Stress isn’t healthy, but most women don’t think it’s serious enough for them to worry about. They may be wrong in that, as a new study in BMJ Open has found that chronically stressed women are more likely to develop dementia, after they have reached menopause. But, researchers are also quick to emphasize that stress is just one of the many factors that cause the condition.
The Study Proper
Based on a 1968 study from a large group of Swedish women, when the volunteers were at least 38 years old, the research team surveyed 800 women about their mental health at least once every 10 years until 2005.
The researchers also considered the women’s experiences and responses to 18 stressful life events such as death in the family, a divorce, or the illness of a relative. They studied how these affected the women. Neuropsychiatric exam results, as well as hospital records, were examined and used to come up with a diagnosis for dementia.
By 2005, more than 150 women were found to have developed dementia, and more than 100 were diagnosed with Alzheimer’s disease.
Stress and Dementia
Study author Lena Johansson, a neurologist at Gothenburg University in Sweden, says that the relationship between stress and dementia in women is still subject to a lot of questions. Factors related to their lifestyle, such as diet, exercise, smoking, and hereditary health conditions, can also contribute to their situation.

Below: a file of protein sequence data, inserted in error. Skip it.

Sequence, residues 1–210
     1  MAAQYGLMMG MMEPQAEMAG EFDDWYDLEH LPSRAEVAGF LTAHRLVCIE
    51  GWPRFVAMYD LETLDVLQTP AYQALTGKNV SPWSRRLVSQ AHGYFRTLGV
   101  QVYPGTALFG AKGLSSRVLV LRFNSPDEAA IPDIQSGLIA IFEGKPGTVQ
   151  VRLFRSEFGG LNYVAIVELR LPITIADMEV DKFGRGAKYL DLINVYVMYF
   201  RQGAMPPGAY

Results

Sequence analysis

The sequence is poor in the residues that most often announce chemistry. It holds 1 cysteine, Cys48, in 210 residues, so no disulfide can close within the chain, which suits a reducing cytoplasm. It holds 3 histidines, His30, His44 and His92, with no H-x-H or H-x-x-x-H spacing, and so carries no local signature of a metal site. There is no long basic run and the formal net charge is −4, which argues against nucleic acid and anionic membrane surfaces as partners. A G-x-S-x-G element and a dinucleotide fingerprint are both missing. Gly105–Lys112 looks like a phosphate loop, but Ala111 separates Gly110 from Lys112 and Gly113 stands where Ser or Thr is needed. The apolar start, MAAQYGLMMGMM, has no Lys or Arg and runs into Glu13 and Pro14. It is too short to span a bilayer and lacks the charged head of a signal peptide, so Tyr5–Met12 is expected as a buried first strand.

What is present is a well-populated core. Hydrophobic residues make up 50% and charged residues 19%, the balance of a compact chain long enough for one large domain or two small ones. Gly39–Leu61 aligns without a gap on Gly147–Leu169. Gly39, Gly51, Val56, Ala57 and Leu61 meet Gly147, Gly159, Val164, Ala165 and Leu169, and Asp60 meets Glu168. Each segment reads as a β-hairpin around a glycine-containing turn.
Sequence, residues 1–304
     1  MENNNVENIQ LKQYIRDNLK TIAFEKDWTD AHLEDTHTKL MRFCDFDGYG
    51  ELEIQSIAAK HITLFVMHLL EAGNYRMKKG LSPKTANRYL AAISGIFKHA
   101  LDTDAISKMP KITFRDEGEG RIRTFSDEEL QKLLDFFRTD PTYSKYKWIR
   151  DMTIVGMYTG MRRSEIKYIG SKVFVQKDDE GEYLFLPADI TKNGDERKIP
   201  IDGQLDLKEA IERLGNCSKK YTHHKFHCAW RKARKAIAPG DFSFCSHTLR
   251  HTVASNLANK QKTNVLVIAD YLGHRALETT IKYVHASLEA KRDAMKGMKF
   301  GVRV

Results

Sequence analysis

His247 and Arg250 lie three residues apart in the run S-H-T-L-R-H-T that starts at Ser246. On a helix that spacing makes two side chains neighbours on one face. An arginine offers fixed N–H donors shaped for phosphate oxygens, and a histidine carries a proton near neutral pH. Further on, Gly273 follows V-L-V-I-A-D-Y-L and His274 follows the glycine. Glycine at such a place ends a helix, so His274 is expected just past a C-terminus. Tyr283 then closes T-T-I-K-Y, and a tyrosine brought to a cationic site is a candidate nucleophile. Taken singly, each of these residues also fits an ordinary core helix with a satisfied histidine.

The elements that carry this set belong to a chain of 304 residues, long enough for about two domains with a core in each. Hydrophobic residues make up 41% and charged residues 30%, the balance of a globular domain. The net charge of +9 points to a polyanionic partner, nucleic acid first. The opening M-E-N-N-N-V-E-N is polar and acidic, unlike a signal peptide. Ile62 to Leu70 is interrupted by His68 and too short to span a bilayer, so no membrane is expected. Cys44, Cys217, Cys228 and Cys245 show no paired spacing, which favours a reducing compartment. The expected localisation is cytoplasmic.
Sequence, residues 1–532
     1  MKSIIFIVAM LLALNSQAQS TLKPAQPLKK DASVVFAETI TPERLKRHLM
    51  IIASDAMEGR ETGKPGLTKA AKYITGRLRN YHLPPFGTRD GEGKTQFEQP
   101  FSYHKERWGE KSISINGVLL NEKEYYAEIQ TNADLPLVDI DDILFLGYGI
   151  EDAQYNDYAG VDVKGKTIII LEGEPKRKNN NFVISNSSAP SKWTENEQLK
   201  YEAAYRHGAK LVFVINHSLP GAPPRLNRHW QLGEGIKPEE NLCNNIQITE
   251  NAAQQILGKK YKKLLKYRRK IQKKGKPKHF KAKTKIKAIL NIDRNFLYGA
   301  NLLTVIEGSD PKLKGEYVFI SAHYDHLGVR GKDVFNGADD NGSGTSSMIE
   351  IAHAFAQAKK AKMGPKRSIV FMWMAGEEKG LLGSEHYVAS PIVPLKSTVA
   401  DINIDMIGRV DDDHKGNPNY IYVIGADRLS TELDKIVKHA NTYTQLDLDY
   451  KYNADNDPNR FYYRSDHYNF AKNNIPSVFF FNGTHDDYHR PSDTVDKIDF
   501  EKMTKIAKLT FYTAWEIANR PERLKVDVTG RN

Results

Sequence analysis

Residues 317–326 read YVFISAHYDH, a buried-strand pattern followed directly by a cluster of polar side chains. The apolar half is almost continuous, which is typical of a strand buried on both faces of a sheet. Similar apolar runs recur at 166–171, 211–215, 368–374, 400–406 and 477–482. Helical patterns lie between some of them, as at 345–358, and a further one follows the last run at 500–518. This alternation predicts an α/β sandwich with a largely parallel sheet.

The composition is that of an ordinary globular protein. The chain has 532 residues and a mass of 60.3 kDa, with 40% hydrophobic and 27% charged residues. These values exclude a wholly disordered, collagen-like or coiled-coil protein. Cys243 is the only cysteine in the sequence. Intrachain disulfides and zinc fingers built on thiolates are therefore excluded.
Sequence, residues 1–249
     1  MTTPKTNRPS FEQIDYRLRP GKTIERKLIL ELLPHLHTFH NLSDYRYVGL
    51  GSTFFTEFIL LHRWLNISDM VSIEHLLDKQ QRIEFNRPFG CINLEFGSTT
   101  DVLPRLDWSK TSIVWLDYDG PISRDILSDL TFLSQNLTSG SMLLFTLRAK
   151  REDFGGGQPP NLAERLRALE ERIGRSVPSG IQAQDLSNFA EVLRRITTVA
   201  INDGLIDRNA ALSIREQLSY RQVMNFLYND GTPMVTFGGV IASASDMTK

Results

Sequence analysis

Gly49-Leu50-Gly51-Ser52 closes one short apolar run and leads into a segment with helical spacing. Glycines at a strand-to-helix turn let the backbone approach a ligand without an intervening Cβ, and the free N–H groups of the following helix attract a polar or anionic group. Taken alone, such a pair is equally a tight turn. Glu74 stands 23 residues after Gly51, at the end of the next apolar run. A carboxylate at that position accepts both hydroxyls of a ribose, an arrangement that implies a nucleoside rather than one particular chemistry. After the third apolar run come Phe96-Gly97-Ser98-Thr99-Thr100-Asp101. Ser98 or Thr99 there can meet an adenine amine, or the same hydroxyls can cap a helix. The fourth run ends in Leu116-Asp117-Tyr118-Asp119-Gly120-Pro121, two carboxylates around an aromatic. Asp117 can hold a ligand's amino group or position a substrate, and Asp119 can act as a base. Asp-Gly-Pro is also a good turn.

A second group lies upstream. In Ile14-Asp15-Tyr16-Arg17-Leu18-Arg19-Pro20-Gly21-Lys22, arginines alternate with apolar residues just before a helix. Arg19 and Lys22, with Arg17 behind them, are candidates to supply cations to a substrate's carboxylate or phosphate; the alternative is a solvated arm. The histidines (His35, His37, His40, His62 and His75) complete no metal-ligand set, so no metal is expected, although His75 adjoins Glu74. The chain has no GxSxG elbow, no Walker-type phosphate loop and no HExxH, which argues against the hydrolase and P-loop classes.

Johansson noted that the study took these factors into account and added that “I have no reason to believe that it is not the same among men.”
She further elaborated that their findings do not have a direct relationship between stress and dementia, and other factors may contribute to the women developing it later in life.
“This is the best evidence by far to date linking psychosocial stressors with dementia. It’s really astounding,” Robert S. Wilson, who studies Alzheimer’s disease at Rush University Medical Center in Chicago, remarked.
Wilson, who was not involved in the study, praised it for considering other factors and life events, going beyond hospital records and reported stress levels. He also noted that the stressful events seemed to have a similar effect to the study volunteers, regardless of how they dealt with their situations.
“These are low-level chronic stressors that affect virtually every family network,” he said in an interview. He emphasized that people who experienced similar events should not be too worried about dementia.
Johansson shares the same sentiments, stressing, “Not everyone who has stress or stressors developed dementia.”